result was an unlikely alliance that spawned a brace of highly
regarded albums 'Eric Burdon Declares WAR' and the double 'The
Black -Man's Burdon'. Then there was also the unusual hit record
in 'Spill the Wine', a groundbreaking slice of Latino Funk that to
this day continues to be aired in films albums and radio.
37 years on the two elements are reuniting for a one off show at
the Albert Hall. Pete Feenstra spoke to Eric Burdon and band
keyboard player and founder member Lonnie Jordan.
Was the impetus for this reunion the forthcoming Rhino
Eric: 'Yeah I guess that had something to do with it, they are
re-issuing the albums, but the time seems right also'.
When you first teamed up with War you seemed to be searching
for a new direction at the time. Is there a parallel with this
reunion 37 years on?
Eric: 'Well I guess I'm always searching for new things to do, new
directions, new challenges and hopefully we will come up with a
show that connects not just the band but mostly with the audience.
So far the rehearsals have been really well. They have been mainly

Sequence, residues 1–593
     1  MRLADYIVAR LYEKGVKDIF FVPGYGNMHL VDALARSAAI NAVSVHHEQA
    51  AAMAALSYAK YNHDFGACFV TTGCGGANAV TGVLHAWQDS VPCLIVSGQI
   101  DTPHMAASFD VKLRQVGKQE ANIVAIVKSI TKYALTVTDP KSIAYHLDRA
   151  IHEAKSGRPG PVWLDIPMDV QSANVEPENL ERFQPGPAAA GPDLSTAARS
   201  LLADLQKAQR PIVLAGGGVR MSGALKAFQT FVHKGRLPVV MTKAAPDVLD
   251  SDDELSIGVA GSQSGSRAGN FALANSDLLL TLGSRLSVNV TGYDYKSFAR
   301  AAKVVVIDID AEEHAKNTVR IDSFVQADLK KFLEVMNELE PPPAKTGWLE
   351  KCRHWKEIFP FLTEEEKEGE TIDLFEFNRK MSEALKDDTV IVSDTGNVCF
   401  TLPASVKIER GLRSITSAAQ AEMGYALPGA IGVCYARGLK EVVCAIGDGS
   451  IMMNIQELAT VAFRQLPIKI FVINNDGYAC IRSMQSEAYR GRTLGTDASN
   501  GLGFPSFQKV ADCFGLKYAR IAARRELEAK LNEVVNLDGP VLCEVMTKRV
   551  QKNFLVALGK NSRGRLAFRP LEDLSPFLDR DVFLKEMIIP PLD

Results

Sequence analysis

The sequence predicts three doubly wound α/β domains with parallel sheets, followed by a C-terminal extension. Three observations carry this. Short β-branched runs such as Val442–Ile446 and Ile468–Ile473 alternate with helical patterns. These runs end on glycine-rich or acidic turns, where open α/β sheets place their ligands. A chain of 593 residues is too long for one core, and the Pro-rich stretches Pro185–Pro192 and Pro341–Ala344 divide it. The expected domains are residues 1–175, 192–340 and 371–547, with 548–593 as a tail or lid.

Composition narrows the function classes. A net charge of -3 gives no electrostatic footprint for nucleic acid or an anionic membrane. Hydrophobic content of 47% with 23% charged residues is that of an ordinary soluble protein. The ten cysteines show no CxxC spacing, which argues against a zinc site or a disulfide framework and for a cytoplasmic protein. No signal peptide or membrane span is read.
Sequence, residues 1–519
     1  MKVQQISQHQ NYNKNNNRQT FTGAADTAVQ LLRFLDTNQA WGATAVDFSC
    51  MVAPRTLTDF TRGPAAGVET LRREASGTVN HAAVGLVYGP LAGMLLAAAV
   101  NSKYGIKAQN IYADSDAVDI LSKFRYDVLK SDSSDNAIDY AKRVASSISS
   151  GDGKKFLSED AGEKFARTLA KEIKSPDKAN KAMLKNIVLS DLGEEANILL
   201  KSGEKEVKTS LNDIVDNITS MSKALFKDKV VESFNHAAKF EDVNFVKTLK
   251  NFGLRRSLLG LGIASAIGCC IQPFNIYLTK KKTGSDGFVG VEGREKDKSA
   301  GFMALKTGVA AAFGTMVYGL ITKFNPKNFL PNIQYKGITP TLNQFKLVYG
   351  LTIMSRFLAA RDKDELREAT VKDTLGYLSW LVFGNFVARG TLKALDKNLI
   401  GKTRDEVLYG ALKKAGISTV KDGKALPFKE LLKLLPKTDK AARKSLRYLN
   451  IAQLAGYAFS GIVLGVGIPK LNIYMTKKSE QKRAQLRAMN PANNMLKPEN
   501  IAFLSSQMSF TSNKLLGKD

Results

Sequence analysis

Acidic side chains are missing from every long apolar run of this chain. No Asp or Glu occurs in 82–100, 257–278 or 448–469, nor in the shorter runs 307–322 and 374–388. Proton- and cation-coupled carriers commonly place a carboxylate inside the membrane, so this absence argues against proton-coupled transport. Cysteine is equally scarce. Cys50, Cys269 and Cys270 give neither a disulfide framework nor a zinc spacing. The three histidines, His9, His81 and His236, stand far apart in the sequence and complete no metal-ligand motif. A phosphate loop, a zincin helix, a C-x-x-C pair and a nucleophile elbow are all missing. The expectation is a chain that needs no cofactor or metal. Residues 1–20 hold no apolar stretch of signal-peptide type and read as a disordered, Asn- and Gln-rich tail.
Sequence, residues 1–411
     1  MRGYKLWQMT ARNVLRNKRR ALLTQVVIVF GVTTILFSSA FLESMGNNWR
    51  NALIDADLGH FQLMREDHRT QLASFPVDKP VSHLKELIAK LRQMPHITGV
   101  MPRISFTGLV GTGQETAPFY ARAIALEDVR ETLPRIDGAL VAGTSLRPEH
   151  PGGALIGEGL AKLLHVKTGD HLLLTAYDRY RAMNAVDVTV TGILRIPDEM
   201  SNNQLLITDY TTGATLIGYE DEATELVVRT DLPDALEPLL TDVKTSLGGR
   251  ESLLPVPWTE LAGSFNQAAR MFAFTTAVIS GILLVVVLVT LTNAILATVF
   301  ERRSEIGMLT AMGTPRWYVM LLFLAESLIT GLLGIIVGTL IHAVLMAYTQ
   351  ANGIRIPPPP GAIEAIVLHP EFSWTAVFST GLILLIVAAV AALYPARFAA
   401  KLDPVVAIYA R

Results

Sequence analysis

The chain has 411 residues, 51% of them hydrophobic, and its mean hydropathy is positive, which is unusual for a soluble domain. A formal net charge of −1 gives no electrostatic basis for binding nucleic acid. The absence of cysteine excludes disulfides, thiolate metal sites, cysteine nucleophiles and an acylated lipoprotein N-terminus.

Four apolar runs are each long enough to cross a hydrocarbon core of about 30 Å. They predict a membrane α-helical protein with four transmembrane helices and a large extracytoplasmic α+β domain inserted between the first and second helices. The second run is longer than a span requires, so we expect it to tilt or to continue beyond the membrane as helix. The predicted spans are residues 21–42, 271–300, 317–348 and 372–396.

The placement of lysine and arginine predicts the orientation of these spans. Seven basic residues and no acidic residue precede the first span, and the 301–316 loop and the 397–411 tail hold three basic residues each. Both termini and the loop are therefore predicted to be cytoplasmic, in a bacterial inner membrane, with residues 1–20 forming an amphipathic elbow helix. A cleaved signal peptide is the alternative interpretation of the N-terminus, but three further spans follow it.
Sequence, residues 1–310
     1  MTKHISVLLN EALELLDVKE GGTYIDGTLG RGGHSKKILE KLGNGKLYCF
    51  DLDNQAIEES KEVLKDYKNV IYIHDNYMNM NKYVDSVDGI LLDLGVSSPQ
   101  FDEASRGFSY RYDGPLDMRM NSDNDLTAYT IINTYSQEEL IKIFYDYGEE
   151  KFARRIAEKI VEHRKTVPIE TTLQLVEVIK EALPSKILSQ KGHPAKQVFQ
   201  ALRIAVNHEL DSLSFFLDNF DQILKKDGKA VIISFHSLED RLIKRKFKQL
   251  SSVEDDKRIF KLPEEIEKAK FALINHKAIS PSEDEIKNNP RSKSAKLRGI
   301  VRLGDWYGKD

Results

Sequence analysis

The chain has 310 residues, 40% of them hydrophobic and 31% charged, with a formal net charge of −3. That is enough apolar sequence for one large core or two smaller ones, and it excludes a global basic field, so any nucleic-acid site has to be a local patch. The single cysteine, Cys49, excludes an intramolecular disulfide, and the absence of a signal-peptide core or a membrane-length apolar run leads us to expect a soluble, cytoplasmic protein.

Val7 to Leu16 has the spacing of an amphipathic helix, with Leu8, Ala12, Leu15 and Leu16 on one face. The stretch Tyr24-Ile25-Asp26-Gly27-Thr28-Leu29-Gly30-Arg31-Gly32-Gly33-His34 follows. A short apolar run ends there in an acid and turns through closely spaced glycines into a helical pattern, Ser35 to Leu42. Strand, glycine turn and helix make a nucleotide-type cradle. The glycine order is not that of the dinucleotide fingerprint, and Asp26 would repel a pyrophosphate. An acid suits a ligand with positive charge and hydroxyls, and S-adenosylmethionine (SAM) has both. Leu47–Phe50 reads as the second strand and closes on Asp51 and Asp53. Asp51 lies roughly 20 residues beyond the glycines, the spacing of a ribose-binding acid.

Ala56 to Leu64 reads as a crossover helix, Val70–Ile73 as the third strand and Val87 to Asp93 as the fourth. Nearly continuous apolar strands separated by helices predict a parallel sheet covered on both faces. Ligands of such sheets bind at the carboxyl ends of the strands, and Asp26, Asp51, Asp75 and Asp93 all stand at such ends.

based around the bits and pieces that we can still remember and we
have to work on the other bits we don't remember.
It's like you've got the letter A and the letter Z, and the
whole alphabet in the middle has to be worked out again. On top of that we're
coming back together again after many years and attitudes have changed both to
life and audiences. We're basically making the same music though and I think
without a doubt the band is a lot tighter and certainly more skilled than it was
Early on War was known as one of the very first jam bands. How did you see
yourself fitting into such a situation?
Eric: 'Well in some ways calling them a jam band is a misnomer because the idea
of a jam band is often misunderstood. War certainly improvised and took numbers
in different directions, but too often people mistake the notion of a jam as
being laid back and unprofessional, when in fact nothing could be further from
Photo: Noel Buckley/GRTR!
You've basically got to know your stuff and they really do.
It's like when you go sailing on yacht with a small crew, someone's got to be
able to read the ocean and the wind and of course know how the equipment works,
know the navigation - dead reckoning.
So while some of you may think it looks the opposite the spirit
of the music is matched by great professionalism. As a vocalist it is easy for
me to step into that situation. Plus this time round things are much more
tightly structured than they used to be'.
Lonnie: 'Yeah we are
revisiting our past and exploring the music and Eric is really the
reason for that, giving us the opportunity to start again. And I
really think we can do it a lot better and give so much more, we
know so much more.
Eric: 'Yeah, we are starting at
the beginning again, with Eric Burdon and War. In one way it was
easier back then as now we have to relearn it all, paying more
attention to arrangements and working out which bits were
improvised back then and the bits that were not originally part of